What We Know So Far
- The U.S. and Cuba have reached a historic agreement to normalize relations.
- America will open an embassy in Havana.
- There will be relaxed restrictions on U.S. travelers visiting Cuba, and Americans can return with a limited number of goods, including cigars.
- Part of the agreement was the release of Alan Gross, an American held in Cuba for five years on espionage allegations, for humanitarian reasons.
- Both nations have also exchanged alleged spies who were imprisoned.
- The White House credited Pope Francis in bringing the longtime rivals to the negotiating table.
Sen. Ted Cruz says the Obama administration is "being played by brutal dictators whose only goal is maintaining power."
"We rejoice that Alan Gross' wrongful imprisonment by the brutal Castro regime has finally come to an end, and that he will be able to spend the holidays with his loved ones. But make no mistake, although we are glad Alan is now free, the agreement the Obama Administration has entered into with the Castro regime has done nothing to resolve the underlying problem. Indeed, it has made it worse.
"Fidel and Raul Castro have just received both international legitimacy and a badly-needed economic lifeline from President Obama. But they remain in control of a totalitarian police state modeled on their old state sponsor, the Soviet Union. Their government can continue to detain individuals like Alan Gross indefinitely without process—as the many political prisoners still languishing in the Castros' prisons can attest. They retain their close, long-standing ties with hostile nations, notably Russia, Iran, North Korea and Venezuela. They will continue their support for terrorist organizations from FARC to Hezbollah and Hamas.
"The President spoke today about a new era for relations between American and the Cuban people, but these circumstances do not bode well for either. We have seen how previous Obama administration attempts at rapprochement with rogue regimes like Russia and Iran have worked out, with our influence diminished and our enemies emboldened. Now they are revisiting this same disastrous policy with the Castros, blind to the fact that they are being played by brutal dictators whose only goal is maintaining power. And if history be our guide, the Castros will exploit that power to undermine America and oppress the Cuban people. First Russia, then Iran, now Cuba – this is one more very, very bad deal brokered by the Obama Administration."
Alan Gross thanked President Obama in his remarks and said he supports the new policies towards Cuba.
"What a blessing it to be a citizen of this country and thanks you President Obama for everything you have done today and leading up to today."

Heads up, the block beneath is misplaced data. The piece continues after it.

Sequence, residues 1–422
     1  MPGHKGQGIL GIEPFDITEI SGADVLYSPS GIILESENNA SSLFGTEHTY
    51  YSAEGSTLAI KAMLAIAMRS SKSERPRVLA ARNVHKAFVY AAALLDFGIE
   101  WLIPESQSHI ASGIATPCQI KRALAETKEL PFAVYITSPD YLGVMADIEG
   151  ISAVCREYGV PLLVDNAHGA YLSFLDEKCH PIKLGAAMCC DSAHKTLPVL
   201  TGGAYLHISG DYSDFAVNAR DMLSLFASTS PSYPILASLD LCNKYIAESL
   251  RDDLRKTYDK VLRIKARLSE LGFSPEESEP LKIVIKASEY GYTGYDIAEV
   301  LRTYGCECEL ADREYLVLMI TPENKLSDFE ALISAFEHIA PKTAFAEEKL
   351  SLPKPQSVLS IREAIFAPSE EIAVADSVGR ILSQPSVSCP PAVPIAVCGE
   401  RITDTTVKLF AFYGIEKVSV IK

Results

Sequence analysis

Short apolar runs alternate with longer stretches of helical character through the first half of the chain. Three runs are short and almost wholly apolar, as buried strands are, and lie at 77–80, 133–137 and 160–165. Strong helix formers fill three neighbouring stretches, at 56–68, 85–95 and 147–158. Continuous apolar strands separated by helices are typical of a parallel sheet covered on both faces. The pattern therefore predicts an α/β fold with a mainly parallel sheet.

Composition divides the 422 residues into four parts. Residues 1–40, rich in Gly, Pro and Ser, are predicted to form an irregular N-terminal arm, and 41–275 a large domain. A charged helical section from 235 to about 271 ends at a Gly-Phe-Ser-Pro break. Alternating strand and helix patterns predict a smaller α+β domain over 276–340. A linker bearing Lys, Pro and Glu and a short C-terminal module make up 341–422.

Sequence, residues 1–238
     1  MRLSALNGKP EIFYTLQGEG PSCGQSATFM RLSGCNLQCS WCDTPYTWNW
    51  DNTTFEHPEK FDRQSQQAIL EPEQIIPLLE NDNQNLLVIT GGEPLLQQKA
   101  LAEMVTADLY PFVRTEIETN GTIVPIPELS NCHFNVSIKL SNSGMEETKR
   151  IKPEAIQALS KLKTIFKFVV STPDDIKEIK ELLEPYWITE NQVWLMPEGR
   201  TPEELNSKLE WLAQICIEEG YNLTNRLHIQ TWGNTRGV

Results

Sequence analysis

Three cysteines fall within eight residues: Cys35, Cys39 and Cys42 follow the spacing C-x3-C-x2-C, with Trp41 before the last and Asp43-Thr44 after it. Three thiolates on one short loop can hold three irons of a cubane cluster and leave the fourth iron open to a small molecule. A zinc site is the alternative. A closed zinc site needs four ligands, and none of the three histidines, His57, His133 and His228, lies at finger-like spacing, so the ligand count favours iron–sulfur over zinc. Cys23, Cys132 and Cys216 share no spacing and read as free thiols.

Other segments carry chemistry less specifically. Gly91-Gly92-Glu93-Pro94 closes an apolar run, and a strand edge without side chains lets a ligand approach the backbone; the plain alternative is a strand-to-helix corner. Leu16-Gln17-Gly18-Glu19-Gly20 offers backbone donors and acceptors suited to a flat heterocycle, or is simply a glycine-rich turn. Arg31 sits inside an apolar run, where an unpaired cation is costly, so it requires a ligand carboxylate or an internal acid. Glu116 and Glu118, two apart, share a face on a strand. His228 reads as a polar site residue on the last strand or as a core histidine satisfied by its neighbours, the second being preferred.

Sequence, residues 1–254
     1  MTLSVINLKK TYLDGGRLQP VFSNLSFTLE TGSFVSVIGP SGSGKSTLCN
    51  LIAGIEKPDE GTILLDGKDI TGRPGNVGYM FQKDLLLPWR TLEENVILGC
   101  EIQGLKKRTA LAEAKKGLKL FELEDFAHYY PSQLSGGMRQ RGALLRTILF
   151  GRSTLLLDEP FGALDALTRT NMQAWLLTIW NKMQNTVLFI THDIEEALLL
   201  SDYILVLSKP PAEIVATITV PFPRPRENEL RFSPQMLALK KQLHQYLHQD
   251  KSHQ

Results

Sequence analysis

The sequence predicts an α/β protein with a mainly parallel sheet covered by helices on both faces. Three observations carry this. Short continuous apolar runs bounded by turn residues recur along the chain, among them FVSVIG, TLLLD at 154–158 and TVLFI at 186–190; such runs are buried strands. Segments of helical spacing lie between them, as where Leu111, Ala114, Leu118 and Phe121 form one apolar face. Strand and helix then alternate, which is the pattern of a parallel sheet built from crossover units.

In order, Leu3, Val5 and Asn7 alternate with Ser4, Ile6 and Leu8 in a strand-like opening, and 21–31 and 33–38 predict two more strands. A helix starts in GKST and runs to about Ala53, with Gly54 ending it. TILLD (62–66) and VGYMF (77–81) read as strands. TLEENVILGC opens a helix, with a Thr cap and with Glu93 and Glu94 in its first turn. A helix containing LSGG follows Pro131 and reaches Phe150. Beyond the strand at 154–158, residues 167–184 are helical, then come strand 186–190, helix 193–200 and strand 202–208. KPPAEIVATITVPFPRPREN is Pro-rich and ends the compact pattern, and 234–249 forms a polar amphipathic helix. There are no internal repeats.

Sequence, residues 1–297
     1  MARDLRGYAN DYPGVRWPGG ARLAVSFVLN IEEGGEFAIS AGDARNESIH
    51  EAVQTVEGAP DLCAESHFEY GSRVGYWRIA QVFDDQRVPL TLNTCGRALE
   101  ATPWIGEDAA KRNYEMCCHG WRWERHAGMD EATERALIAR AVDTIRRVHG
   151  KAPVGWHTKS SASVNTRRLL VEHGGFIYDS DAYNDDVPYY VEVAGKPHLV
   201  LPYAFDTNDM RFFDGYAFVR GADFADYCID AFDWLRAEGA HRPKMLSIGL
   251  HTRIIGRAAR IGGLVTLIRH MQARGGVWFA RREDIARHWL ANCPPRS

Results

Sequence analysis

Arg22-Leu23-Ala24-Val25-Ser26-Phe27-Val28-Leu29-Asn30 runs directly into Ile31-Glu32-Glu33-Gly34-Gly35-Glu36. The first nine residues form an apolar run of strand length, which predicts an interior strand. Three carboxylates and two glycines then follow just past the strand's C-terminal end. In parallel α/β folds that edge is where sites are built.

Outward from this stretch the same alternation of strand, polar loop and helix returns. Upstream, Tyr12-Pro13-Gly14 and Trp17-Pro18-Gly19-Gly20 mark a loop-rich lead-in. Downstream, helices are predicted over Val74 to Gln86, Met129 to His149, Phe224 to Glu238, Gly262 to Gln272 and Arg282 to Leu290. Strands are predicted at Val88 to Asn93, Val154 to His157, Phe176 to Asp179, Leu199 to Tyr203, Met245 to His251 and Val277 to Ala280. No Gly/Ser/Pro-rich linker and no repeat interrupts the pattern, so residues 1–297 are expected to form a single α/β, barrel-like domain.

He also thanked people who visited him and "subjected themselves to some of my ranting"
"To all those who tried to visit me but were unable to: thank you. I'm at your service as soon as i get some new teeth" -- Gross lost about five while in lockup.
Gross said he had the "utmost respect for and fondness of the people of Cuba. In no way are they responsible for the ordeal to which my family and I have been subjected."
"Cubanos... are incredibly kind, generous and talented. It pains me to see them treated so unjustly."
"I truly hope we can get beyond these mutually belligerent policies."
Massachusetts Rep. Jim McGovern, who was part of the congressional delegation to welcome newly-freed Alan Gross, shared that Gross had kind words for John Kerry who had also flown into Andrews.
"John Kerry's plane flew in around the same time and Alan said to the Secretary of State: 'thank you for not forgetting me,'" McGovern said.
McGovern, who has long been pushing for changes to America's policy towards Cuba, told BuzzFeed News that he and other members Congress who were part of the delegation only found about the Gross's release from a Cuban jail last night.
Vice President Joe Biden called McGovern on Tuesday night to share the news. McGovern called Gross "gracious and grateful" to members
Full story here.
When Gross' lawyer told him on Tuesday over the phone that he would be flown back to the U.S., there was a long pause. Then he said, "I'll believe it when i see it," the family spokeswoman said.
When Gross boarded the plane, filled with elected officials, "there was a big bowl of popcorn waiting for Alan because that was one of the things he said he missed over the last 5 years."
There was also a corned beef beef sandwich on rye with mustard and latkes with applesauce and sour cream.
At 8:45 a.m. Wednesday, the pilot announced they left Cuban airspace. Alan stood up on the plane and took a deep breath and called his two daughters.
President Obama called him on the plane on the way back and congratulated him on his freedom. Alan thanked him.
When the plane landed, more elected officials met Gross. Secretary of State John Kerry was coincidentally there, at Andrews Air Force Base, and watched Obama's address with Gross.
Jeb Bush today spoke out against the policy changes, according to USA Today.
"I don't think we should be negotiating with a repressive regime to make changes in our relationship" until Cuba changes, Bush said.
Bush is the former governor of Florida. He announced Tuesday he was "actively exploring" the possibility of running for president in 2016.
Text of of Castro's remarks:
Since my election as President of the State Council and Council of Ministers I have reiterated in many occasions our willingness to hold a respectful dialogue with the United States on the basis of sovereign equality, in order to deal reciprocally with a wide variety of topics without detriment to the national Independence and self-determination of our people.